Baker ends the book with some technical essays on how much assets cities and states have on their books, even when they claim to be broke. Actuarial data is manipulated to increase required return and assets are considered untouchable in determining return. Thus low interest rates like we have now make all returns inadequate even though there are billions on the books.

The book is a good introduction to monetary theory and Georgism. I strongly recommend it.

By Midwest Book Review: Small Press Bookwatch on July 1, 2015 - http://www.midwestbookreview.com/sbw/jul_15.htm#EconomicStudies

Synopsis: "American Is Not Broke: Four Multi-Trillion Dollar Paths to A Thriving America by Scott Baker belies the commonly held belief that the American economy is unsustainable, That there is no money for social programs, no money to run the government, no money to cut taxes, and above all, we have to cut spending on all domestic programs. But it is simply not true. Instead of familiar complaints about the national debt, leading to just slicing a shrinking economic pie differently, or worse, to Austerity Economics, the reality is that we already have all the wealth we could ever need. The tried and proven proposals in "America Is Not Broke" would guarantee America's prosperity, fairness, democracy, and economic and ecology on a sustainable basis. "America is Not Broke" showcases four multi-trillion dollar reforms: Sovereign Money, Georgism, Public Banking, and Ending Government Financial Asset Hoarding, plus a few other major reforms that demonstrate just how we can have it all, if we only learn where to look.

Critique: Exceptionally well researched, written, organized, and iconoclastic, "America Is Not Broke" by Scott Baker (Managing Editor/Economics Editor and writer for Op Ed News" is impressively informed and informative. Very highly recommended for community and academic library Economics reference collections and supplemental studies reading lists, "America Is Not Broke" is ideal for the non-specialist general reader with an interest in the true workings of the American economy. It should be noted that "America Is Not Broke" is also available in a paperback edition (978-0996418430, $19.99) and in a Kindle format ($9.99).

By Clifford Johnson on May 13, 2015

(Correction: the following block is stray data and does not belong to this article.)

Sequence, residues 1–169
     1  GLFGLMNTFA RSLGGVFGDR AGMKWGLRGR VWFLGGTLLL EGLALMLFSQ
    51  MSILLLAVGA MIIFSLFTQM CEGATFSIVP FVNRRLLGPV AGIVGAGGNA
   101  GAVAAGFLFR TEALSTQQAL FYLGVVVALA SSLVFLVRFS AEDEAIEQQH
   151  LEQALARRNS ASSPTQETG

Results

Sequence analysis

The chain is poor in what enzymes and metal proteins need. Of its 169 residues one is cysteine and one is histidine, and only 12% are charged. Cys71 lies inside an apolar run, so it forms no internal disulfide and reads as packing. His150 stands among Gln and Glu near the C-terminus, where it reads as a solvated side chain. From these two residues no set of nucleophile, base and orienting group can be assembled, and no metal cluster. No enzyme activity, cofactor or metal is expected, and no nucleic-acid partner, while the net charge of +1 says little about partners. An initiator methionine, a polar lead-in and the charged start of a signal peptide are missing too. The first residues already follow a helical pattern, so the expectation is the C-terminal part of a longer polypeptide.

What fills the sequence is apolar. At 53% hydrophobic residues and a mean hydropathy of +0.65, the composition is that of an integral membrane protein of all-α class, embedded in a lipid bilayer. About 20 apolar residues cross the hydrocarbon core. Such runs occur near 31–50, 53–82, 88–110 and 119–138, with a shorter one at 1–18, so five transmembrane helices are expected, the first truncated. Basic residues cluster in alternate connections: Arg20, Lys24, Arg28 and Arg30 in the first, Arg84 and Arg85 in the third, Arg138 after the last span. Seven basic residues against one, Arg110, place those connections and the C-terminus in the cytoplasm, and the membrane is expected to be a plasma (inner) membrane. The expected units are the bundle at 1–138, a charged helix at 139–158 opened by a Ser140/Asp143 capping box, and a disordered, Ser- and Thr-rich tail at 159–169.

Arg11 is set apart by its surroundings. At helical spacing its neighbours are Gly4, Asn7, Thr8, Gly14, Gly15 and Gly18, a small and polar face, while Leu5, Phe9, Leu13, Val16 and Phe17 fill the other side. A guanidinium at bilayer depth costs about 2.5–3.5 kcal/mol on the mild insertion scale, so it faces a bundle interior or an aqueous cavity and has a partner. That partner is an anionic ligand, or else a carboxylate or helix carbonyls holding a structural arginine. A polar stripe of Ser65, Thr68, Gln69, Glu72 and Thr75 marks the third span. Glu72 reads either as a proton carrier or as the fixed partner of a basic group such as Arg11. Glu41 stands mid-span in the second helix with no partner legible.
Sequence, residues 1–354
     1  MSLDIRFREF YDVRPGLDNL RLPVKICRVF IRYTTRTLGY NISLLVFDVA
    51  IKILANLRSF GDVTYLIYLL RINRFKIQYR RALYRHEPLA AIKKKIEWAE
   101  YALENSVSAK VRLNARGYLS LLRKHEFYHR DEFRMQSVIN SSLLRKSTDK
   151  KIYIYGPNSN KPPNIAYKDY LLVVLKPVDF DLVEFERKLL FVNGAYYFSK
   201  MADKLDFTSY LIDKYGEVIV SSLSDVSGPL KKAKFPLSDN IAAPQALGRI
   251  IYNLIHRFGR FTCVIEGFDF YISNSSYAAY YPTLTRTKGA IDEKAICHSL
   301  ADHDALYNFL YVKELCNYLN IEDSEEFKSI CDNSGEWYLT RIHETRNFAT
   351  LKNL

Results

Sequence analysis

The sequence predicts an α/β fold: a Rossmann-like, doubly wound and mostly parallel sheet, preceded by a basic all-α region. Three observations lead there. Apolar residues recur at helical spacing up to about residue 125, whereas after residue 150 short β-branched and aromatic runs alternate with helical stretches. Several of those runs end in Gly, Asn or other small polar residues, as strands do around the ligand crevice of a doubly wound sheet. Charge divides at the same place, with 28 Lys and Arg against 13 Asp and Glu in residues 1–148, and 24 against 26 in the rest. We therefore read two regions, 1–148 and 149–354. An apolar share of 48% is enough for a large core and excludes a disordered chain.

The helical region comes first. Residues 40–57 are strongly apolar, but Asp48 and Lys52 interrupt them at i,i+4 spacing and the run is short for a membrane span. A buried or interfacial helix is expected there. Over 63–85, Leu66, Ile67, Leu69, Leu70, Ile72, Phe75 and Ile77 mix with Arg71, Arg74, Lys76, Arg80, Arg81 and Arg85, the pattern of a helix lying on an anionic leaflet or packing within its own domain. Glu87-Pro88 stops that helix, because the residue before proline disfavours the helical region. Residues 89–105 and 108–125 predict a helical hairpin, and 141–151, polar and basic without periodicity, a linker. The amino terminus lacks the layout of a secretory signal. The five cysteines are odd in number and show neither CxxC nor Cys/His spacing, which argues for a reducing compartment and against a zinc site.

Scott Baker's new book, America Is Not Broke!, focuses on 4 radical and (if fully implemented) multi-trillion dollar economic solutions. True sovereign money comes first. The others are public banking, ending government financial asset hoarding, and Land Tax Valuation (aka Georgism).

The perspective is that of a vigorous and broad economic activist, who has worked hard to promote all of the economic fronts he presents. Besides establishment opposition, Scott has run into most schools of thought in each area of economic reform, some of which are at odds with each other. Scott has either worked with and/or butted heads against each school, and his strong personal and intellectual encounters are naturally interesting and enlightening. As a result, Scott has produced a book that takes one on a tour of economic reform movements, full of diverse perspectives and studded with telling references to online resources that you won’t find in any other place, let alone spun into a single text.

By Andy Mazzone on November 7, 2014

Scott baker’s first book on economics is a comprehensive description of some of the quickest and most robust ways to fix the American economy. Mr. Baker documents the true amount of resources in this country which are available to affect social change, and improve the economy.
He describes robust methods of taxation, which would free up the productive power of the nation, reduce monopoly, and allow free enterprise to flourish. He demonstrates alternatives to the dysfunctional banking systems that we now have, and ties all of this together with a wealth of documentation and suggestions that would excite any fair minded person to think about the availability of solutions.

Scott Baker is in the alternative economics tradition, a tradition that has been historically delegated to the margins of ideas. But the nature of the fundamental problems of this country, as he so thoroughly documents, would have laid low our economy sooner or later, and could only be fairly described by alternate schools of economics. Bad and perverse policies, are the culprits, it just took time for them to manifest into a dysfunctional economy for the majority of the population.

Now to expect Scott’s book to cause a thorough going reform, would be too much to ask.

Scott is not a fire breathing polemicist, what he does is to supply provable methods to correct the economy that are practical, robust, and persuasive to fair minded people.
So then the obvious question is, why haven’t these proposals been implemented? And here the author doesn’t confront that. The reason of course is a few powerful people throughout the history have always gained wealth by means of perverse policies, ultimately detrimental to the vast majority of any society.
Why would the people who gain from such policies change?

This is the question. But this question is an existential question, and calls for another book to explain why elites are detrimental. Until that book is written, the author’s current book will have to do. But the author does provide realistic solutions that would benefit everyone.
Informed Americans must read this book.

Scott’s Book - it’s the necessary book for our times.

Andrew Mazzone
President
Henry George School of Social Science New York